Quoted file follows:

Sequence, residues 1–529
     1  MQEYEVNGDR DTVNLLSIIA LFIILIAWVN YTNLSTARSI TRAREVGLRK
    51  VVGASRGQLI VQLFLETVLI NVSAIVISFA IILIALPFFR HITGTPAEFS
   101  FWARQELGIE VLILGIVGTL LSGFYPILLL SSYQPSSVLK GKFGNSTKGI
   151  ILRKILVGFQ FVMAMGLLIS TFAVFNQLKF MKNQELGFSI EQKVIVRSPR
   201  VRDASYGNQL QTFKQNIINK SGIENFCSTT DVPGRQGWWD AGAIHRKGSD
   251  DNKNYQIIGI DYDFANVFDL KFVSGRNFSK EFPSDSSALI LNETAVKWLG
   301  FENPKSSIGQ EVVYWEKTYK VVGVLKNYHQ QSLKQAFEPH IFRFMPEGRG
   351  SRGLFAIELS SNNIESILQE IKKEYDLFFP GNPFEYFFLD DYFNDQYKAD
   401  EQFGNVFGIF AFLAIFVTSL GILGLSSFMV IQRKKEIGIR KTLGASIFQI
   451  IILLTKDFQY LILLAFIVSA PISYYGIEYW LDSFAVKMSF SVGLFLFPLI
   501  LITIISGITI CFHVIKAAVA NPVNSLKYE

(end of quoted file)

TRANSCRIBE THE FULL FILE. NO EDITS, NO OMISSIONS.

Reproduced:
Sequence, residues 1–529
     1  MQEYEVNGDR DTVNLLSIIA LFIILIAWVN YTNLSTARSI TRAREVGLRK
    51  VVGASRGQLI VQLFLETVLI NVSAIVISFA IILIALPFFR HITGTPAEFS
   101  FWARQELGIE VLILGIVGTL LSGFYPILLL SSYQPSSVLK GKFGNSTKGI
   151  ILRKILVGFQ FVMAMGLLIS TFAVFNQLKF MKNQELGFSI EQKVIVRSPR
   201  VRDASYGNQL QTFKQNIINK SGIENFCSTT DVPGRQGWWD AGAIHRKGSD
   251  DNKNYQIIGI DYDFANVFDL KFVSGRNFSK EFPSDSSALI LNETAVKWLG
   301  FENPKSSIGQ EVVYWEKTYK VVGVLKNYHQ QSLKQAFEPH IFRFMPEGRG
   351  SRGLFAIELS SNNIESILQE IKKEYDLFFP GNPFEYFFLD DYFNDQYKAD
   401  EQFGNVFGIF AFLAIFVTSL GILGLSSFMV IQRKKEIGIR KTLGASIFQI
   451  IILLTKDFQY LILLAFIVSA PISYYGIEYW LDSFAVKMSF SVGLFLFPLI
   501  LITIISGITI CFHVIKAAVA NPVNSLKYE